Looking for a mechanical bull? Ok, not everyone is – but in case you are, Party Time Palace has one. And more than 20,000 square feet of indoor fun for preteens-adults. Laser tag, mini-golf, you name it, you’ll find it here. It’s a great place to spend a rainy or snowy day, and there’s no way you’ll leave bored. There’s also a special area for the littler kids in your bunch.
Jump ‘N Jam Playland
This place is a bouncy castle lover’s dream. Filled to the brim with inflatable play structures, open play at Jump ‘N Jam Playland is a workout for kids and a relaxing break for parents. Open play is offered Wednesday through Saturday.
Growth Spurts Play Place & Family Café
Growth Spurts is a small, intimate play place for little kids with a café for parents. It provides a relaxing atmosphere, it’s not built around going wild. The toys are designed to teach through play, and children have the chance to engage in dramatic play and physical activities that engage their creativity or improve their fine and gross motor skills.
Tip: Growth Spurts closes at 3, so make sure to arrive early in the morning. They open at 9.
A ghoulish twist on family amusement, Haunted Trails caters to kids ages 4+ and adults. Outside, you’ll find go karts, mini golf, and even a few mini-roller coasters. A few arcade games are also available on site, and there are mini go karts and rides for the younger set.
Catering to kids ages 2-12, the open play at Jump Zone is a great way to reward your kids for great grades on their last report card or help them burn off a little steam on a rainy or snowy day. This is a franchise play place, but every location is different. Call ahead to make sure there’s open play on the day you want to go.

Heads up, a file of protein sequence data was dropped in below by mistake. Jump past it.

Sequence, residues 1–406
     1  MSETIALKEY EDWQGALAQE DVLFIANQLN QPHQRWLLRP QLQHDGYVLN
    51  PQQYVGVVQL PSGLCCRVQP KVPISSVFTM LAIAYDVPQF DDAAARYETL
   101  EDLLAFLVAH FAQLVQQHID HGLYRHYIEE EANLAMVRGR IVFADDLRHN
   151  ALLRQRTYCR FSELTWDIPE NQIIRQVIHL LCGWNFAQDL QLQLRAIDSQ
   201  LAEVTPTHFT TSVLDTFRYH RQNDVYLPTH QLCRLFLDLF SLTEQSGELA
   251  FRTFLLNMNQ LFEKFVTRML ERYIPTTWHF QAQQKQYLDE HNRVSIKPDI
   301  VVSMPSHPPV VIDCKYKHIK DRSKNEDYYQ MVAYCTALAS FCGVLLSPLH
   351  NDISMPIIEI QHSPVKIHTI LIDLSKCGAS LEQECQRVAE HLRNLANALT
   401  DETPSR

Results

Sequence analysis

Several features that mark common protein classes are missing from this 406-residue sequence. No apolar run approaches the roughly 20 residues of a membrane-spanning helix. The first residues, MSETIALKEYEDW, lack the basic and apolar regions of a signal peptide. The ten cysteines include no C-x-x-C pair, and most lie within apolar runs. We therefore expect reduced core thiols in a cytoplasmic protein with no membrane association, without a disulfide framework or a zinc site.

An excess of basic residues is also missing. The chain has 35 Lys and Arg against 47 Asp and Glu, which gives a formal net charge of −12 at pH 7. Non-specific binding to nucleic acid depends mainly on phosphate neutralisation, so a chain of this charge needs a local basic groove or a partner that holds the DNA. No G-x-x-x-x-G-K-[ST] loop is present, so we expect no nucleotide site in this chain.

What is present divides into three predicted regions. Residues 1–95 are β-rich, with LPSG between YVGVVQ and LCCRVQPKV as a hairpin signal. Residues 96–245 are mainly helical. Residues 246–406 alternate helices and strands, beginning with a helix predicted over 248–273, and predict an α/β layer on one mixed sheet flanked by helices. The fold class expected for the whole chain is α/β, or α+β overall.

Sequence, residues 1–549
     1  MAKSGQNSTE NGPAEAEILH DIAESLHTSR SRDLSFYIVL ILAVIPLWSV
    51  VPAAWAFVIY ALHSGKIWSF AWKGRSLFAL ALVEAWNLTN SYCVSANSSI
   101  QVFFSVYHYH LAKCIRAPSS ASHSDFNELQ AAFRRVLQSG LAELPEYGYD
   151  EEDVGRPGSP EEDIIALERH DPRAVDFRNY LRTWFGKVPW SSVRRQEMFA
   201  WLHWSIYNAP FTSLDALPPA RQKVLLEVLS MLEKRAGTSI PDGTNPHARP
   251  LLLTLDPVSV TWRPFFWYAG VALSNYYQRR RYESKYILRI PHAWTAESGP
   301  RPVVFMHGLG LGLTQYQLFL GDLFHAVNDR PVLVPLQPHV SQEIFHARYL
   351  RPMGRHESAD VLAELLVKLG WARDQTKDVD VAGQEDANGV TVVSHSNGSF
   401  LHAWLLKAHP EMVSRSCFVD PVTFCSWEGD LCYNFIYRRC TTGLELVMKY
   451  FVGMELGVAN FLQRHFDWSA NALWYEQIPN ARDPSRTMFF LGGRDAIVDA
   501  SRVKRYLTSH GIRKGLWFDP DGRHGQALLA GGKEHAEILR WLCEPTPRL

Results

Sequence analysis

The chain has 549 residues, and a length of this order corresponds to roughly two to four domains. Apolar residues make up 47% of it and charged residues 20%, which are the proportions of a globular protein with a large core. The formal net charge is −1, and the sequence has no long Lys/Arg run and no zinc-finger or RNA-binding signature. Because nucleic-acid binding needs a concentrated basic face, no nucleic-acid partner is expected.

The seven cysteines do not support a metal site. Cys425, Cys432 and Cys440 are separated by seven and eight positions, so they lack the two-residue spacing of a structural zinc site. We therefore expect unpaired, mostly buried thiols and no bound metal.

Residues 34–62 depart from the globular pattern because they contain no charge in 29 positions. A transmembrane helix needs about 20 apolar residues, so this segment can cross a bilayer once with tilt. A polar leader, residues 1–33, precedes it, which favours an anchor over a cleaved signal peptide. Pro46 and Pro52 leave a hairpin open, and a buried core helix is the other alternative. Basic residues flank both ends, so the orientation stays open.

Jumps ‘n’ Jiggles
Part of the Elk Grove Park District, this isn’t your typical indoor playground. A 28-foot-high carousel and a colorful themed playground for little kids make it a great stop for indoor fun. The structures and set up are ideal for ages 8 and under.
If you or a friend have kids with autism, this is a good place to let the little ones burn off some steam. The sensory play here is designed for autistic children, but just as fun for little ones who aren’t on the autism spectrum. Good for kids 12 and under, there’s no fear of a meltdown here – just fun.
Kids Town is a good place for little ones who love dress up, and can stimulate the imagination of toddlers and preschoolers who want to enter the ‘different worlds’ of each themed playroom. From aquariums to Thomas the Tank Engine, there’s a lot of fun to be had at Kids Town.
Tip: There are some snacks and coffee available, but bring your own. The temperature is a little on the cold side, too, so dress your kids for it.
Definitely for preteens, teens, and adults, Laser Quest is a national chain of indoor laser tag courses. They usually have a few arcade games on site, too. Here in the Chicago area, there are several Laser Quest locations, and each is a blast. With boulders, obstacles, doors, and bridges, there are plenty of objects to duck or hide behind while playing.
Tip: Come with a big group to make sure you don’t get split up.
Little Beans is an excellent location for toddlers and early preschoolers to burn off a little steam and run wild. The tiniest kids in your group can hang out in a designated play area that’s bordered off with a white picket fence. Like a little city for kids, there is plenty of grown up play here for the little ones, and the food and coffee are pretty good, too.